Musings and photos of my attempts to create edible food.

Sunday, 4 November 2012

New Houses, Autumn and Peanut Brittle

A lot of changes have happened since my last post. Since my birthday we have gone house hunting, bought one, moved in, done a whole load of d.i.y. and now are starting to settle. Autumn seems to have crept up on me and it is already showing signs of being over! Autumn is the time for lighting fires (our new house has a wood burning stove in the lounge!),  apples and burnt sugar. This week I have enjoyed all these things.
ApplesI have wanted to plant apple trees the moment we had our own house but deciding what varieties will be a challenge. Today was Chepstow's "Apple Day" so the wife and I went down to try the varieties on sale. It is very satisfying to now be sat looking at 4 different types of apple sat on our work surface awaiting further contemplation! Some culinary work will be needed to assess each apple. It may be a difficult week in the Hickson household - apple based puddings all week! All this in the hope that in a few years time we may be able to pick apples in the garden that we like. You can't get fewer food miles than that and hopefully they will be local varieties too.
I thought I would share this weeks burnt sugar recipe with you. By burnt sugar I mean caramelised sugar - if its actually burnt that is probably a step too far! My choice of burnt sugar recipe was inspired from a few hours in Stratford-upon-Avon. Whilst wandering the town we went past a sweet shop with great piles of peanut brittle in the window. Having spent our pennies (and most of our weeks calorie allowance) in Hobsons patisserie I decided to save peanut brittle for some home experimentation. A few batches later and a recipe has emerged. It turns out peanut brittle is rather easy to make so this will be a quick recipe!

Peanut Brittle

  • 300g Sugar
  • 60ml Water
  • 200g Salted Peanuts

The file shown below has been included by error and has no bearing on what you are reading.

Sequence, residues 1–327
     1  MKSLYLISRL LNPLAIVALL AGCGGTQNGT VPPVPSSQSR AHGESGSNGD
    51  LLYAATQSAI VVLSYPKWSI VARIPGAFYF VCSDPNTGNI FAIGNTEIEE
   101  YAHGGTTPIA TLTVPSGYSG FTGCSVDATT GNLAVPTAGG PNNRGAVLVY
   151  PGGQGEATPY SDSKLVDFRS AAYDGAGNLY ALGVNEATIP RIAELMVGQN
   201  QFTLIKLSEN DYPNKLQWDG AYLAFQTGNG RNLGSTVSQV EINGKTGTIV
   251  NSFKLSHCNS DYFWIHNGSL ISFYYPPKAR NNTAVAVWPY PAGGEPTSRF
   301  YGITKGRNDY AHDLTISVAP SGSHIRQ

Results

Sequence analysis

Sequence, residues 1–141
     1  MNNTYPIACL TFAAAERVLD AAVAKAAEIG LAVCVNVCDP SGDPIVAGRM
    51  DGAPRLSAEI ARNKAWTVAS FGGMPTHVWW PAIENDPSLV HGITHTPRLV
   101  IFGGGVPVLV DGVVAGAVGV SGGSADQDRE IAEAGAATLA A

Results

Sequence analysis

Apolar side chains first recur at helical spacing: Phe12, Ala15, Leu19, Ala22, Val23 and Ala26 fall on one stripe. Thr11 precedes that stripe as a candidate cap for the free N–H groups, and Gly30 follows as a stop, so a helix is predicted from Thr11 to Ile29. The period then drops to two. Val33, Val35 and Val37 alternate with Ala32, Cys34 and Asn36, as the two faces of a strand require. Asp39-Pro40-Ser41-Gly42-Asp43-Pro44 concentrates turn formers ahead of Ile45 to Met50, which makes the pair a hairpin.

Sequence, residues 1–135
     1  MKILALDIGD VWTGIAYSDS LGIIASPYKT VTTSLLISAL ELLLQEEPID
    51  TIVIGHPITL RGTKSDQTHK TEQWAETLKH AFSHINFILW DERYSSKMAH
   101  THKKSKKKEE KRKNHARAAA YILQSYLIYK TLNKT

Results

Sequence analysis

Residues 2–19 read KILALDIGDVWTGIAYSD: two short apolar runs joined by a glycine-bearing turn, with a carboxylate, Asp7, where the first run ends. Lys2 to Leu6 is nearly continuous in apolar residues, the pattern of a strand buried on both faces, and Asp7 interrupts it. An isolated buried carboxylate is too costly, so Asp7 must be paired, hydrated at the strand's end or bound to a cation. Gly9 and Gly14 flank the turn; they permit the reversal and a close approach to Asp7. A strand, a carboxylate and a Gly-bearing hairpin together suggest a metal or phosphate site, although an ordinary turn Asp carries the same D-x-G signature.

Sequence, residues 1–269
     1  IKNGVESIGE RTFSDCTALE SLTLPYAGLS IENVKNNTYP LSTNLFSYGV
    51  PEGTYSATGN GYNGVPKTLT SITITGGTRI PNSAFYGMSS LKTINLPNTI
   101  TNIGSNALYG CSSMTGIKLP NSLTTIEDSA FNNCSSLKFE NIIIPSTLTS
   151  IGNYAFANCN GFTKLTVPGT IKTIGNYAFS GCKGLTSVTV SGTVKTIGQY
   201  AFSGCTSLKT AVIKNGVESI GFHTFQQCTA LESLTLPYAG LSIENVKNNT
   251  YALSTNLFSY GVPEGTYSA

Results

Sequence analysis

Grease a tray to set the brittle in.
Dissolve the sugar in the water over a gentle heat and once it is all dissolved turn the heat up and boil until a medium colour caramel is achieved. This should be about 160 degrees Celsius if you like temperatures but the colour is a better guide.
Remove from the heat and stir in the peanuts, quickly turning it out into the greased tray (adding cold peanuts makes this mixture go very stiff).
Once the mix has cooled, turn it out onto a chopping board and smack it with something hard to break it up. A rolling pin is my preferred weapon.


  1. Is this blasphemy? Joe, the lover of all things cooked with a thermometer, is suggesting you look at the colour instead?!

  2. Loving the attempt to summarise nearly 8 months of neglect on this blog!

    I made peanut brittle a few months ago (as a happy "you are no longer breastfeeding and can now eat peanuts" gift for my friend) and was amazed how easy it was. For my confectionary cooking now I have a new toy - a thermospatula! I love it - stirring and taking the temperature at the same time!

    1. A thermospatula? That sounds like a toy for my Christmas wish list!

    2. Although it now strikes me how bad an idea that would be for caramel / fudge / toffee... don't stir, its a trap!

    3. I always stir fudge. And I've never had a fudge disaster - always seem to work out fine for me. (And the recipes I have tell me to stir!)